FIG. 2 shows another prior art device including a single wafer PECVD chamber 18 wherein a wafer 20 is held stationary. There are a variety of single wafer PECVD chamber designs available in the marketplace. There are also a variety of commercially available multiple wafer chambers as described above wherein the wafers are all supported by a susceptor in a single horizontal plane.
The single wafer and horizontal multiple wafer PECVD chamber designs discussed above are problematic for numerous reasons. First, such single wafer designs suffer from relatively low throughput as only one wafer at a time can be processed. Further, the multiple wafer horizontal designs pose extreme difficulties in connection with the incorporation of automatic robotic wafer loading and unloading. Also, horizontal multiple wafer designs can process only a limited number of wafers before the chamber becomes so large in area as to become very difficult to maintain the necessary plasma uniformity and necessary gas flow control.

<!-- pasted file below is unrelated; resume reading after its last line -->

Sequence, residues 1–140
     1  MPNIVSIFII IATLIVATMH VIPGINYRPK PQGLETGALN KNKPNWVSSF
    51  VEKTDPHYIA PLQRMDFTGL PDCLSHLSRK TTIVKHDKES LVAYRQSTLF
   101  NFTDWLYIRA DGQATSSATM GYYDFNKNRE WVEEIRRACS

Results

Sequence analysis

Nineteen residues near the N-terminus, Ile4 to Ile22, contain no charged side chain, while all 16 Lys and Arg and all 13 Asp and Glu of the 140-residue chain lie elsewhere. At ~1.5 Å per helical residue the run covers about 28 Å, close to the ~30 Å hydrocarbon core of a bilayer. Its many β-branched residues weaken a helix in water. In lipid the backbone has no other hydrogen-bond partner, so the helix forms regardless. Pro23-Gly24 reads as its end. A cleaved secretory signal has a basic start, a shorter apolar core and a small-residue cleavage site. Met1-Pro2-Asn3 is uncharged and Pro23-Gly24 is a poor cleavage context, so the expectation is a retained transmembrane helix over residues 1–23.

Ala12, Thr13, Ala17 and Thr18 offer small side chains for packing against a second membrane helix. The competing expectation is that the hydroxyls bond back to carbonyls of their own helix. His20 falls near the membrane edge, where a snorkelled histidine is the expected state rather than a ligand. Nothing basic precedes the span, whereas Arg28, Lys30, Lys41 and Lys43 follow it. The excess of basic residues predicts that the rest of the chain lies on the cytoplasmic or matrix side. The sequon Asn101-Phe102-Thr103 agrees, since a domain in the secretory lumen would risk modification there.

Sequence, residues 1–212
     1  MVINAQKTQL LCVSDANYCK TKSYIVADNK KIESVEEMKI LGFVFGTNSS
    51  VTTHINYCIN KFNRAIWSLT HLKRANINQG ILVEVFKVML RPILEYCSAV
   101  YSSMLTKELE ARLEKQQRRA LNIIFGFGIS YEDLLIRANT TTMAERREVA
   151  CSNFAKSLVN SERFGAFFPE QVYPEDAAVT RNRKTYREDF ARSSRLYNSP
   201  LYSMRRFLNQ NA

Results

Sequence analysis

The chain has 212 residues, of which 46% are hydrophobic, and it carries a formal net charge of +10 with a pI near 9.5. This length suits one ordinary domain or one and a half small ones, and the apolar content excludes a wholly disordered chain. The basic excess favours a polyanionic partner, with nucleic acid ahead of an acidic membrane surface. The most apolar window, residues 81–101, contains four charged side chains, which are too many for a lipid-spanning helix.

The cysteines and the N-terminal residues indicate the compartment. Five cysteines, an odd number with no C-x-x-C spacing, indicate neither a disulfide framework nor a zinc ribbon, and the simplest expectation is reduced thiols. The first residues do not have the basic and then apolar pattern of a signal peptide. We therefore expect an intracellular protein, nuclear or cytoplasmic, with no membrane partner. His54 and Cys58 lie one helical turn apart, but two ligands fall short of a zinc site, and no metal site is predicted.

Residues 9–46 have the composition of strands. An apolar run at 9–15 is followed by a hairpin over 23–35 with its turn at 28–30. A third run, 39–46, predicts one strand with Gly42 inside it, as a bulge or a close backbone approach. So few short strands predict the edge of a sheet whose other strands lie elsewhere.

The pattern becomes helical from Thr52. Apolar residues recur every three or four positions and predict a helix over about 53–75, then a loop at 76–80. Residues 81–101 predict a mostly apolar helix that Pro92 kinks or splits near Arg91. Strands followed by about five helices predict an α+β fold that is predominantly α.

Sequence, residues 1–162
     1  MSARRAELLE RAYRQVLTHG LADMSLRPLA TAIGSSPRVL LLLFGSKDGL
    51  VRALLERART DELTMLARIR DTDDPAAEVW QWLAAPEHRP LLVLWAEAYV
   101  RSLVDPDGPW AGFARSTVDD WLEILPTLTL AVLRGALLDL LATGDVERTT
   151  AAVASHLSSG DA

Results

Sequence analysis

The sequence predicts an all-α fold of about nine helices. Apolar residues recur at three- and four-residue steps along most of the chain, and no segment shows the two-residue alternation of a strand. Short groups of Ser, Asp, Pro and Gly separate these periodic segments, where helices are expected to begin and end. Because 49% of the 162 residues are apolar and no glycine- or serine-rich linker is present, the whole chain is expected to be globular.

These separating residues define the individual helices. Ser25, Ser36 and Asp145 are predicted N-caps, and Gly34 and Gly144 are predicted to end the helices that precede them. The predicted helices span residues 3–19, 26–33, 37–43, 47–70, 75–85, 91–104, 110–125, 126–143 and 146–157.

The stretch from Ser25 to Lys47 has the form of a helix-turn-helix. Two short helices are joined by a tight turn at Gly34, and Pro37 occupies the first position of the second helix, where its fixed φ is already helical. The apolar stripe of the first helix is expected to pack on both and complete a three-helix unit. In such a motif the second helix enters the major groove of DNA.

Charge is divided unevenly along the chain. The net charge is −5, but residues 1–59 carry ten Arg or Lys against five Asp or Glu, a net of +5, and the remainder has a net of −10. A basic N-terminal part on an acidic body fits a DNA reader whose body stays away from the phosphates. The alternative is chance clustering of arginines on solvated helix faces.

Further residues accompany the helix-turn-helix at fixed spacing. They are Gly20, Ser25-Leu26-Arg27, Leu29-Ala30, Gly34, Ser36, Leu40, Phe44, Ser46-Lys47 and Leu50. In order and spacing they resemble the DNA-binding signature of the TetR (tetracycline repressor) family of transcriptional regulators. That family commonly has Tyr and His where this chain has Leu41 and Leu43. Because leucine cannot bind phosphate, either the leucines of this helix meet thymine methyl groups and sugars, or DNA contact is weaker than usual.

It is therefore an object of the present invention to provide a PECVD chamber that can process multiple wafers in a uniform enhanced plasma environment.
It is a further object of the present invention to provide a PECVD chamber having facility for automatic robotic loading and unloading of wafers.
It is a still further object of the present invention to provide a PECVD chamber system including apparatus for transmitting RF energy to a rotating wafer boat having wafers held horizontally in a vertically spaced array, causing a glow discharge, and thereby enhanced plasma over a surface of each wafer.
Briefly, a preferred embodiment of the present invention includes a plasma enhanced chemical vapor deposition (PECVD) system having an upper chamber for performing a plasma enhanced process. and a lower chamber having an access port for loading and unloading wafers to and from a wafer boat. The system includes apparatus for moving the wafer boat from the upper chamber to the lower chamber. The wafer boat includes susceptors for suspending wafers horizontally, spaced apart in a vertical stack. An RF plate is positioned in the boat above each wafer for generating an enhanced plasma. A novel RF connection is provided, allowing the RF energy to be transmitted to the RF plates while the wafer boats are rotated. In addition, apparatus for automatic wafer loading and unloading is provided, including apparatus for lifting each wafer from its supporting susceptor, and a robotic arm for unloading and loading the wafers.
FIG. 1 shows a prior art rotating susceptor chamber;
FIG. 2 is a prior art chamber with a stationary wafer;
FIG. 3 illustrates a preferred embodiment of the present invention;